Advanced Composition is our type “A” course. We also have a type “B” course called Close Reading and Composition, taken by all First Year students. It combines Practical Criticism of short texts with more systematic stylistic and grammatical analysis and compositional exercises of the kind cited above.
It is taught by a team of teachers pursuing a structured syllabus, leading seminar groups of about a dozen students, and is assessed by conflating marks awarded to work submitted throughout the year. Its aim is primarily to make a bridge between “ language” and “literature” studies – something we regard as distinctive and valuable in the Birmingham English Department – at an early stage in the student’s career. First year students are also taken, in their first term, on a short Reading Party, in which they pursue the same kind of work more intensively, on a single theme.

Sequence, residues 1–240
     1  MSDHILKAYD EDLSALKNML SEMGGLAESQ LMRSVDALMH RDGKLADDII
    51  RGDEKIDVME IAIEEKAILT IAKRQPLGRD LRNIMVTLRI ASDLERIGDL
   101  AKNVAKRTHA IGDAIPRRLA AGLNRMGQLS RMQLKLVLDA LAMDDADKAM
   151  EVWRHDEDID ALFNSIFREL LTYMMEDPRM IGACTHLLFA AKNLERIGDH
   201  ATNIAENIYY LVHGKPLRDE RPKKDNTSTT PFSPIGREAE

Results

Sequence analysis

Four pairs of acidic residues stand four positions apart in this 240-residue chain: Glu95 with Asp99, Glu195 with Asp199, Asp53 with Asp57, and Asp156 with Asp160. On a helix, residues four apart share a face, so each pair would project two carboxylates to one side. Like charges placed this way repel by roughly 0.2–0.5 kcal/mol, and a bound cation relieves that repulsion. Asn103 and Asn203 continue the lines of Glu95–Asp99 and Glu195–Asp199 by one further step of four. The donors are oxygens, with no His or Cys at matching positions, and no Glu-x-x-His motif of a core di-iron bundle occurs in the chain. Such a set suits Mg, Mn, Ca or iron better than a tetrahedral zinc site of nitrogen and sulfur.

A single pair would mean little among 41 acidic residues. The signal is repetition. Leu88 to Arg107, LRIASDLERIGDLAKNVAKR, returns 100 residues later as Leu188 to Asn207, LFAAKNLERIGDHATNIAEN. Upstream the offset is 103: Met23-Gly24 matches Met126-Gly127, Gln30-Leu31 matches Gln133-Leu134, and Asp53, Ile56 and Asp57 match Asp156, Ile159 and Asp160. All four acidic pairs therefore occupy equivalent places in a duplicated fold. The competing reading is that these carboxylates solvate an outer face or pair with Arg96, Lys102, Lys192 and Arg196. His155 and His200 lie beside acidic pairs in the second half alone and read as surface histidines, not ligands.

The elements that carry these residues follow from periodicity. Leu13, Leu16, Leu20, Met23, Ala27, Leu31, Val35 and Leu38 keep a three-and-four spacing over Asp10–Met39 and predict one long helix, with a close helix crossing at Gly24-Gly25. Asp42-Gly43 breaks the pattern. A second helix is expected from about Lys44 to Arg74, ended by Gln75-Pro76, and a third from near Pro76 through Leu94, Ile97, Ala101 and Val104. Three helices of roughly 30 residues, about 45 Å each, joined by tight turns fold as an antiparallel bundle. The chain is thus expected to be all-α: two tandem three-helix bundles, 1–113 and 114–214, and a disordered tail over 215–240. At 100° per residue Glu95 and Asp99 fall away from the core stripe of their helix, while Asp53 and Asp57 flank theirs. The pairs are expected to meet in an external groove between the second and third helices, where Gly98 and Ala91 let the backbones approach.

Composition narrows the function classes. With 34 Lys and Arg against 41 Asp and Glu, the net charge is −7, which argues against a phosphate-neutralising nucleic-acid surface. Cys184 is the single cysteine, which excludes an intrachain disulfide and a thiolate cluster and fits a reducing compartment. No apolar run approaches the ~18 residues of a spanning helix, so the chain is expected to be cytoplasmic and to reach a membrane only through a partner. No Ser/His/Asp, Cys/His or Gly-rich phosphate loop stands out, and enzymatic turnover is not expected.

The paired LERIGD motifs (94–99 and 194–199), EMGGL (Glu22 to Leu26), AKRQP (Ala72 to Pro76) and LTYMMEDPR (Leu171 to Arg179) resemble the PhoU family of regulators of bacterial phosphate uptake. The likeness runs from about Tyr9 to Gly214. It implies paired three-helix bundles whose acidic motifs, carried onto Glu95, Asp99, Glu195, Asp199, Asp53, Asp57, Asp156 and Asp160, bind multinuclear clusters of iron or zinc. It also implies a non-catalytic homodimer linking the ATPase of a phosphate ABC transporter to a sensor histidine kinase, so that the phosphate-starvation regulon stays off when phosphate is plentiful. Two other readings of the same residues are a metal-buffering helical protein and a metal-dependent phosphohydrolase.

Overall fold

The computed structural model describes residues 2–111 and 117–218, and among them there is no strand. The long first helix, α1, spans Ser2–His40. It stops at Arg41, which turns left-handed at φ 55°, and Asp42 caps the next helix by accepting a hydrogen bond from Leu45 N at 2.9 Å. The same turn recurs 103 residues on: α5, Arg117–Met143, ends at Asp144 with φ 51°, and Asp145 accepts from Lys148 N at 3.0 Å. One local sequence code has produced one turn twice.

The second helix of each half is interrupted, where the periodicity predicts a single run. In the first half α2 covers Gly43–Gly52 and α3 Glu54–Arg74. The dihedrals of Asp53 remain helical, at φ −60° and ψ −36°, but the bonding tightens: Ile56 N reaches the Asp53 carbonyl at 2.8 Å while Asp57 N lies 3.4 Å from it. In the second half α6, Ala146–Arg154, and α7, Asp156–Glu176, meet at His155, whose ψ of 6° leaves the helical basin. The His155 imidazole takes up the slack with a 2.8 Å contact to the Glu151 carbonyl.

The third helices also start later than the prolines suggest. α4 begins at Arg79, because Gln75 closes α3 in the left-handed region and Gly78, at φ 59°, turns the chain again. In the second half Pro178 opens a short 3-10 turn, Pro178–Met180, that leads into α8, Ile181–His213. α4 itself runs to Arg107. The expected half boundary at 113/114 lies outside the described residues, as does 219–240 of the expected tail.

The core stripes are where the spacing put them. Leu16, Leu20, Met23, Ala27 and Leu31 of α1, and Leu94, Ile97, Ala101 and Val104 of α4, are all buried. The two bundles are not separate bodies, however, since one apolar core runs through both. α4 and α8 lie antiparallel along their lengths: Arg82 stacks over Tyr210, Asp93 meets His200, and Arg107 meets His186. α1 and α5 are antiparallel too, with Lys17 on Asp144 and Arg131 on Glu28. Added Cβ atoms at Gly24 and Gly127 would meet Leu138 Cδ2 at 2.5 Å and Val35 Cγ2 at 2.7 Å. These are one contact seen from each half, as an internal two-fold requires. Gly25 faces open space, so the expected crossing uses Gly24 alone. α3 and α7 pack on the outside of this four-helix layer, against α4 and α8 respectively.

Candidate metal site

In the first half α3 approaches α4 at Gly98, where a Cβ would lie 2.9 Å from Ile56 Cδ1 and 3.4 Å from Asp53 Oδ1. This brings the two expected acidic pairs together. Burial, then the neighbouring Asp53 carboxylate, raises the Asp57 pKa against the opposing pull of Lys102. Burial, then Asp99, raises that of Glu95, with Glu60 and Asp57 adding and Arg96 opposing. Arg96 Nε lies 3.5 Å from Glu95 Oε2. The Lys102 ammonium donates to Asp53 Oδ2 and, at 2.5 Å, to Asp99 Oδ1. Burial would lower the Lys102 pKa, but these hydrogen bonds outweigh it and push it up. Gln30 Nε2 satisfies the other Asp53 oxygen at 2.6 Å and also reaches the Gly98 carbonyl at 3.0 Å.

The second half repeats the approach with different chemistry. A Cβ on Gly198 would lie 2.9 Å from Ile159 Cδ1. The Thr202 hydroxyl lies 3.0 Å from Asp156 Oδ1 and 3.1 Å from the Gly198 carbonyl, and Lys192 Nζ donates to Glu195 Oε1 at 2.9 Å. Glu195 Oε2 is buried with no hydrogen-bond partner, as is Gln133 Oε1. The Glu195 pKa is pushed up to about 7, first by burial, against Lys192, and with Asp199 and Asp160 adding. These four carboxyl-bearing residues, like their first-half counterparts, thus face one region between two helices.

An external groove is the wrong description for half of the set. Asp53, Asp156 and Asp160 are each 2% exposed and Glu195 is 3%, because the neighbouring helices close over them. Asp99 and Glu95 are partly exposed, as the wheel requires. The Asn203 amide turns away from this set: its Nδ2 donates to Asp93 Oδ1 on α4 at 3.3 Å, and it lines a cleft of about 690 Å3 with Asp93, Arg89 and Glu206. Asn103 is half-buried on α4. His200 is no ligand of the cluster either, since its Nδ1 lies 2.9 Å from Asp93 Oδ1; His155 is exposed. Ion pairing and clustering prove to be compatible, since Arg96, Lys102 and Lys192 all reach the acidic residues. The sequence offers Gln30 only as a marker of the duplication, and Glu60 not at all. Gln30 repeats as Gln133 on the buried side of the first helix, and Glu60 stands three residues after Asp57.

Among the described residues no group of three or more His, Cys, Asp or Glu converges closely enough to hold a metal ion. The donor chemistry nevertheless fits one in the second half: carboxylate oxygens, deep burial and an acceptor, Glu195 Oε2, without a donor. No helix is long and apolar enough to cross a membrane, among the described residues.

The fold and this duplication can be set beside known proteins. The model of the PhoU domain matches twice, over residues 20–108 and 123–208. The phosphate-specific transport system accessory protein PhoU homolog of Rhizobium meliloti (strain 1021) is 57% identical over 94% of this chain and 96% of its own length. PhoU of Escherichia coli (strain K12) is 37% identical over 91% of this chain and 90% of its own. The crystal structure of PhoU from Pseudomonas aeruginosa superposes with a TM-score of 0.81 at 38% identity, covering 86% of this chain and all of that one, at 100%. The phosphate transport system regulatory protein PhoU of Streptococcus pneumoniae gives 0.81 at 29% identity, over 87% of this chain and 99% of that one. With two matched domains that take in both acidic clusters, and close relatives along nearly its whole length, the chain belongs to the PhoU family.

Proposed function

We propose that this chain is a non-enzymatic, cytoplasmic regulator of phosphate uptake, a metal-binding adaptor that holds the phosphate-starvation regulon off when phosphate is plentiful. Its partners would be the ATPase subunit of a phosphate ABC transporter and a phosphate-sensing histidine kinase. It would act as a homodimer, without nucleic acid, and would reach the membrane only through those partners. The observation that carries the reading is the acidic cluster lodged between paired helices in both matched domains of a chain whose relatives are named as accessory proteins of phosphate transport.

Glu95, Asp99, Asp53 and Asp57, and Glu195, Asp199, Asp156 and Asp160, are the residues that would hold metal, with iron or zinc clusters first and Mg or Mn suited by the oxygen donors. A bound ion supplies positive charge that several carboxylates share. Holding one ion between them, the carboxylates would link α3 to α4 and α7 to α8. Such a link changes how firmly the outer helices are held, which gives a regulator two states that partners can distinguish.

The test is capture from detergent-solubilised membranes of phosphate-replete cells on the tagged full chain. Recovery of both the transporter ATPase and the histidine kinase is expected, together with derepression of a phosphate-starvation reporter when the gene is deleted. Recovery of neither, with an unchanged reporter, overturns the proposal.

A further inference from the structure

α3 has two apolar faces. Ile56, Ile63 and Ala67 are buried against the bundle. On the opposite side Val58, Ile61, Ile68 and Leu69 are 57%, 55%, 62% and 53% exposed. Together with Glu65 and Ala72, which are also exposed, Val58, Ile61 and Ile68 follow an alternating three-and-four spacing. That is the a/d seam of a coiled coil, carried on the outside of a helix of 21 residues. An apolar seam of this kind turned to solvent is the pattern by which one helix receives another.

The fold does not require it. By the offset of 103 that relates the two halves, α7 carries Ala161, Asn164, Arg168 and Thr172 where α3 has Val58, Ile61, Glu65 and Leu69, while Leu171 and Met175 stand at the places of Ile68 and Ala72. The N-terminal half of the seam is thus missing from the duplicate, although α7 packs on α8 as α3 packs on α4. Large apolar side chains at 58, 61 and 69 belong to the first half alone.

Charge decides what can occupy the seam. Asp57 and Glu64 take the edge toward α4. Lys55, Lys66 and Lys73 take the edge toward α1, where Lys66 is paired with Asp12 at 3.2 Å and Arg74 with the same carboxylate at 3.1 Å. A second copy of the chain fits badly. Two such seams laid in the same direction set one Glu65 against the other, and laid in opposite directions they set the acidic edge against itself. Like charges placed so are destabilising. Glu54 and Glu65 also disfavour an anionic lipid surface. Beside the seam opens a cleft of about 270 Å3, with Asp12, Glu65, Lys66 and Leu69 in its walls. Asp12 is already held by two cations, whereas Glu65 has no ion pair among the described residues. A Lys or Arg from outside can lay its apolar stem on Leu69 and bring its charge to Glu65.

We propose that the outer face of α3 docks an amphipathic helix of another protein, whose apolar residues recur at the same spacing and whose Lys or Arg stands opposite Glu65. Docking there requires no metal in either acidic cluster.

Although I take an interest in the Advanced Composition course at Birmingham, I do not myself teach it, and am happy to leave it in the very successful hands of my colleague Deirdre Burton; but I have taught creative writing at Berkeley, California, and I ran an extra-curricular writers’ workshop at the University of East Anglia when I was Henfield Fellow there in the summer of 1977. It seems that I am happier teaching creative writing when playing away from home, and I think there are two, related reasons for this. Firstly, although I enjoy this kind of teaching as an occasional and short-term project, I think I would find it an impediment to the pursuit of my own writing if it was a constant, year-after-year commitment. Secondly, I have always, in some instinctive gesture of self-protection, tried to maintain a distinction between my work as a university teacher and my work as a novelist – to keep these activities separate on the public or social level, however inextricably connected they are at the private, mental level, and in the fictional texts themselves. Why I should wish to maintain this distinction, for what deep and dark motives, I leave others to speculate (the reasons are not, in fact, I believe, wholly personal and idiosyncratic). The point is that this kind of separation of roles would be impossible to maintain in teaching creative writing courses- at least of type “A”, where the teacher speaks in part out of his own experience of the practice of writing. I find it easier to do this when away from the institution where I have a permanent position of academic authority and responsibility. It is also easier to do in America, simply because the presence of creative writers among the academic faculty is more commonplace.